Dental Implants vs. Bridges: What You Need to Know Before Making a Decision
Tooth loss is not uncommon. In fact, it is extremely likely that most adults will lose one or more teeth during their lifetime. The are many reasons for which an adult might lose one or more teeth. Some of the likely situations that may cause tooth loss include:
- A deep cavity causing such severe decay that the damage is irreversible.
- A failed root canal where the damage to the tooth is too severe to support a crown.
- Severe gum disease where inflammation weakens the gum structure and tissue enough to make it impossible for the gums to support teeth. According to Mouth Healthy, a patient-centered website of the American Dental Association, one of the leading causes of tooth loss in adults is gum disease.
- Any situation where one or more teeth sustain significant enough damage to necessitate extraction.
- Medical conditions (illnesses that affect the immune system or diabetes,) that increase your risk of developing oral infections that if not treated, may spread through the gum tissue and beyond.
Failure to deal with the situation that caused tooth loss promptly inevitably leads to a cascade of negative consequences. The longer you put off addressing a solution, the more challenging and expensive your restorative procedure becomes.
How Your Mouth Reacts to Tooth Loss
A lost tooth or loss of several teeth causes the teeth that surround the empty area to shift or tilt toward the vacant space. Over time, the teeth that moved weaken and become less stable. Individuals who lose teeth may not know that their bite is improperly aligned until they feel it when they’re trying to chew.
The strength of our jawbone is dependent on the stimulation it gets from chewing. When tooth loss prevents an area of the jaw from getting stimulation from eating, it shrinks through a slow process known as “resorption.” That lost bone can’t regenerate itself. Bone grafting can replace the lost bone, but it can’t restore the gum and tissue structure to the healthy condition they were in before tooth loss.
Dental Bridges and Implants: What They Are and How They Differ
What is a Dental Bridge?
A bridge is a permanent prosthetic dental device. It is cemented to existing teeth in the same way that a crown is after a root canal, or it the crown can cover the implant pin. In both cases, crowns will fill the exposed space after tooth extractions.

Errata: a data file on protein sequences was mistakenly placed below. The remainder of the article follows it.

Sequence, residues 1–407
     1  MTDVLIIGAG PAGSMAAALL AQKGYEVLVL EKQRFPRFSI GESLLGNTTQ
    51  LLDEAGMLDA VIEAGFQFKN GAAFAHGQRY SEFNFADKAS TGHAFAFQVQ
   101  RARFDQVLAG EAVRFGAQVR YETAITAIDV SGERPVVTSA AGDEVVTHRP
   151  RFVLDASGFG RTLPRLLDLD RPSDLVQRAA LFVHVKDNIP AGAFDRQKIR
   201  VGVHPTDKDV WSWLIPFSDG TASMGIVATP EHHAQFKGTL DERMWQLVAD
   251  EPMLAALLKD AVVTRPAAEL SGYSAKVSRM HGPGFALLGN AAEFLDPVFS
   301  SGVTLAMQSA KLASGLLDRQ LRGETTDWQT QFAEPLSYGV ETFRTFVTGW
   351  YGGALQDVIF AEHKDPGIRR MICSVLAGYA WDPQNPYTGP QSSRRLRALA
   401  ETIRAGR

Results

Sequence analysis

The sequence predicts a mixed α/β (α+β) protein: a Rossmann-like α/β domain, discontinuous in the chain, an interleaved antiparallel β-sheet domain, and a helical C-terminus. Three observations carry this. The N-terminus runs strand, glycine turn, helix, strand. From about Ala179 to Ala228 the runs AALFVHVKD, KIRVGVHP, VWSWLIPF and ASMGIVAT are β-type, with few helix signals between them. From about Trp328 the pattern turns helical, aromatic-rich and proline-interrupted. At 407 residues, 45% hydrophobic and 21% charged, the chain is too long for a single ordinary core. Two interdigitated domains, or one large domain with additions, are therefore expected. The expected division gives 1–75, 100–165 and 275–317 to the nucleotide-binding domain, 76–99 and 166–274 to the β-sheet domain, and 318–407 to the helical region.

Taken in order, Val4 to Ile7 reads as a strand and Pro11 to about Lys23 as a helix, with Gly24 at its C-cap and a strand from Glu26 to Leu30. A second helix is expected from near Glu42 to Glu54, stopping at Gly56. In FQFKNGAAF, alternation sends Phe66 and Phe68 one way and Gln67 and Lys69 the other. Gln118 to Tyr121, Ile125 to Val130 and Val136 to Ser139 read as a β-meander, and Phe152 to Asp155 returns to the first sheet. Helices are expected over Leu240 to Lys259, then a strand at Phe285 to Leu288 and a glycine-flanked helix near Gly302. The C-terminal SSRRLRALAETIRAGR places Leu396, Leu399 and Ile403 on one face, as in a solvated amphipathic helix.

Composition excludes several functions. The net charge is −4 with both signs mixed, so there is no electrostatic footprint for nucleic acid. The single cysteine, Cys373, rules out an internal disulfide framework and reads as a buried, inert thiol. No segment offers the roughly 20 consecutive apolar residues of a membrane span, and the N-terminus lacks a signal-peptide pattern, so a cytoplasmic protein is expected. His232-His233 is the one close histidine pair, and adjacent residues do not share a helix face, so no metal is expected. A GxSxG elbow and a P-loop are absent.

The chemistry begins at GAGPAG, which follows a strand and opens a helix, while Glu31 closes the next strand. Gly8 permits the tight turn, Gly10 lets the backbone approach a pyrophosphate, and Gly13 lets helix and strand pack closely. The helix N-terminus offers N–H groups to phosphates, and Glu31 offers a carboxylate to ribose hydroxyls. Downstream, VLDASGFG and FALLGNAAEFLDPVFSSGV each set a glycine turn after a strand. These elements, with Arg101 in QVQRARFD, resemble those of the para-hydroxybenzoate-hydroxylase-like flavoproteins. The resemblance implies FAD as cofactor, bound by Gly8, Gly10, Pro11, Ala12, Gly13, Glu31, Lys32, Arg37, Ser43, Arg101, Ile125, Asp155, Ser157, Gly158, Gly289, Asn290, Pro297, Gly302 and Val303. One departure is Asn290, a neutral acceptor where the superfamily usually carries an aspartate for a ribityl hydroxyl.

We’ll take impressions of your bite before the teeth are extracted to make sure that the crowns we make match your teeth and bite pattern. This model of your mouth structure is necessary for both a traditional bridge and an implant-supported bridge.
With a standard bridge, we will use at least two of your existing teeth as the anchors that connect the replacement crowns, creating a permanent bridge between point A and point B. A bridge is a better alternative than a partial denture for people who have missing teeth. A traditional bridge is only viable if you have two healthy teeth that can anchor the filled crowns that will fill the exposed area of your mouth. A bridge that’s supported by existing teeth won’t last indefinitely.
Sometimes a surgical extraction will complicate things, making it inadvisable or impractical to attach a bridge to existing teeth. If a lot of time passes between the point at which you had teeth removed and your decision to come into the office to discuss your tooth replacement options, the part of your jawbone that anchored those teeth may have shrunken to the point where it can’t support the implants. In this case, you’ll probably need surgery to augment your jawbone and rebuild the bone structure to give it the strength it will need to accept the implants and support the bridge. Bone grafting, a sinus lift or a ridge expansion are bone augmentation procedures that rebuild your jawbone, so it’s strong enough to accept the implants.
What is a Dental Implant?
A dental implant is a titanium pin that’s inserted into the jawbone. After implantation, the bone and gum tissue secure the pin, giving it more strength than your existing teeth. Before covering the implant with the crown, an abutment goes over the pin, providing a secure connection that gives your implant-supported bridge more strength than your real teeth.
Think of prosthetic dental devices as an investment in your long-term health, your self-esteem, and your self-confidence. While it’s tempting to use the cost as a deciding factor, the upfront cost of a bridge is very misleading.
A bridge that’s supported by existing teeth is not a permanent solution. Eventually, the anchor teeth that support the bridge will weaken because of the stress they’ve had to endure. When that happens, those teeth will start to hurt, which is almost always an indication of infection.
A severe bacterial infection can cause excruciating pain and swelling, so don’t put off seeing a doctor. The cost of removing the bridge, extracting those teeth and replacing the bridge with implants will far exceed the cost of implants, had you opted for that in the first place.
Choosing The Best Option
Call the Briglia Dental Group at (610) 615 0160 to schedule an appointment to learn about dental bridges and implants and discuss the best cosmetic dentistry options for you. We’re eager to help you find a solution that will give you back your smile, allow you to eat the foods you love, and most of all, make sure you have a healthy mouth. You can’t have a healthy body without good oral health.Back to Blog Page